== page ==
Yang also provides a table showing which countries depend most heavily on remittances, including 22 countries where remittances are more than 10% of GDP. 

3) Brain-drain is a beg-the-question label for a phenomenon whose importance has not been demonstrated. One common concern about rising global migration is whether it will impoverish sending countries through loss of skilled labor. John Gibson and David McKenzie tackle this question in \”Eight Questions about Brain Drain.\”  They write:

The term “brain drain” dominates popular discourse on high-skilled migration, and for this reason, we use it in this article. However, as Harry Johnson (1965, p. 299) noted, the term brain drain “is obviously a loaded phrase, involving implicit definitions of economic and social welfare, and implicit assertions about facts. This
is because the term ‘drain’ conveys a strong implication of serious loss.” It is far from clear such a loss actually occurs in practice; indeed, there is an increasing recognition of the possible benefits that skilled migration can offer both for migrants and for sending countries. Thus, Prime Minister Manhoman Singh of India recently said: “Today we in India are experiencing the benefifi ts of the reverse flow of income,
investment and expertise from the global Indian diaspora. The problem of ‘brain drain’ has been converted happily into the opportunity of ‘brain gain’ …\”

Also, I hadn\’t known: \”The term “brain drain” was coined by the British Royal Society to refer to the
exodus of scientists and technologists from the United Kingdom to the United States
and Canada in the 1950s and 1960s.\”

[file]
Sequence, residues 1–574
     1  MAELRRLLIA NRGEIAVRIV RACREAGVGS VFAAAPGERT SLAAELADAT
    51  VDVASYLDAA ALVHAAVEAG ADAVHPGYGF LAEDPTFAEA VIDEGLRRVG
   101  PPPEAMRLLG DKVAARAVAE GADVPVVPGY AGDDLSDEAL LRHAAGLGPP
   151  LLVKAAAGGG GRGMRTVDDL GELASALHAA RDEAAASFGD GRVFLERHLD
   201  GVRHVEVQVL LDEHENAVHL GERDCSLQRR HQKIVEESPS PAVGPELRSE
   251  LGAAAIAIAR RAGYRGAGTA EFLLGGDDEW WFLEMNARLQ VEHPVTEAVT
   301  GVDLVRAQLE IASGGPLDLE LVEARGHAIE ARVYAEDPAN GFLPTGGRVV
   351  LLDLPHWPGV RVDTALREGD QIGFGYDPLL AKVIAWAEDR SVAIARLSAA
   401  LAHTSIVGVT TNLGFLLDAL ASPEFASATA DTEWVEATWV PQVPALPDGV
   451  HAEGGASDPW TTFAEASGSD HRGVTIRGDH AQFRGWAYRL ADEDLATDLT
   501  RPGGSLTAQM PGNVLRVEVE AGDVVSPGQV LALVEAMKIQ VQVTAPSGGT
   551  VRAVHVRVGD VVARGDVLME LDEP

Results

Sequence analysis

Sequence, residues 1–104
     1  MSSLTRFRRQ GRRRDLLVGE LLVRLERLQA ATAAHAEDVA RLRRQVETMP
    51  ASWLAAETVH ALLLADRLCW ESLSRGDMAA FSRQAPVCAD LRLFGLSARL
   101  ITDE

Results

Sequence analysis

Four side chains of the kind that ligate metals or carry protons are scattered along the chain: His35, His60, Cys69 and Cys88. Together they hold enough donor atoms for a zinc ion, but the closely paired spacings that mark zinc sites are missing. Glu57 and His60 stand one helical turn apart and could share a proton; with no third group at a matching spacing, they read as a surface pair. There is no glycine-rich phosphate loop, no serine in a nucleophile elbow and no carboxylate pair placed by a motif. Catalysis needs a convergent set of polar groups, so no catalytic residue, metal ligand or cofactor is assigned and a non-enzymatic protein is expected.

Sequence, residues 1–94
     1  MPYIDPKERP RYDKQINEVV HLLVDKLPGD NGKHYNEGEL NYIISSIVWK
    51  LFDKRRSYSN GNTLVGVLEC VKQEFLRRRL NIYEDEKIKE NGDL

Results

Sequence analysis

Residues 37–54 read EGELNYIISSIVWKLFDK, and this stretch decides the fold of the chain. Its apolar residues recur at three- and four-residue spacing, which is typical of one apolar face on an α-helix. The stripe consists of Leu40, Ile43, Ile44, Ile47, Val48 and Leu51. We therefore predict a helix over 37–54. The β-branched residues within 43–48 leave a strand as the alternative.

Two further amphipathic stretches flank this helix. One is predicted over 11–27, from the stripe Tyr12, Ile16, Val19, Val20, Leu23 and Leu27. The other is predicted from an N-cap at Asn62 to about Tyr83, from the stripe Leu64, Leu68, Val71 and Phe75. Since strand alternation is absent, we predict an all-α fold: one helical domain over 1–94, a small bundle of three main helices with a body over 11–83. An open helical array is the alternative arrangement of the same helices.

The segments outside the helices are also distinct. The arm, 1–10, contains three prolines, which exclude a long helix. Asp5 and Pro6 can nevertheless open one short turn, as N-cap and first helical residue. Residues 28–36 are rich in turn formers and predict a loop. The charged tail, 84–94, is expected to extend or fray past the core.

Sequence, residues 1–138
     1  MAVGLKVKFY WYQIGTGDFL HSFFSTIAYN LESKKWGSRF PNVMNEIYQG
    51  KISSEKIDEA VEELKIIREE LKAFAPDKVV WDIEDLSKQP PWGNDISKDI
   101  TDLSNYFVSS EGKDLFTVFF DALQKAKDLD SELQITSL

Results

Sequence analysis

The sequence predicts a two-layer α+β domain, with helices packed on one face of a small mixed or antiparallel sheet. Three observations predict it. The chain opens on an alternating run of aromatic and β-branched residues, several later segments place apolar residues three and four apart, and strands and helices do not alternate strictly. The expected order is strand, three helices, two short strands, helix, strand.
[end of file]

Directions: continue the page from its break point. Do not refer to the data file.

Summer 2011 Journal of Economic Perspectives

I\’m the managing editor of the Journal of Economic Perspectives, published by the American Economic Association. It\’s an academic journal, but it\’s meant to be a journal that\’s readable by those who have some background in economics–like those who took several undergraduate courses in college in the subject. The AEA makes all of the articles the journal freely available on-line to all, and the Summer 2011 issue is now available.

I\’ll comment on the specifics of some of these articles over the next week or so, but here\’s the table of contents for the issue. Again, all of these articles are available on-line at the JEP website.

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Symposium: Field Experiments
Mechanism Experiments and Policy Evaluations,” by Jens Ludwig, Jeffrey R. Kling and Sendhil Mullainathan
The Role of Theory in Field Experiments,” by David Card, Stefano DellaVigna and Ulrike Malmendier
Field Experiments with Firms,” by Oriana Bandiera, Iwan Barankay and Imran Rasul

Symposium: Emigration
Eight Questions about Brain Drain,” by John Gibson and David McKenzie
Migrant Remittances,” by Dean Yang

Other Articles
Killing Me Softly: The Fetal Origins Hypothesis,” by Douglas Almond and Janet Currie
Internal Migration in the United States,” by Raven Molloy, Christopher L. Smith and Abigail Wozniak
Retrospectives: Hume on Money, Commerce, and the Science of Economics,” by Margaret Schabas and Carl Wennerlind
Recommendations for Further Reading,” by Timothy Taylor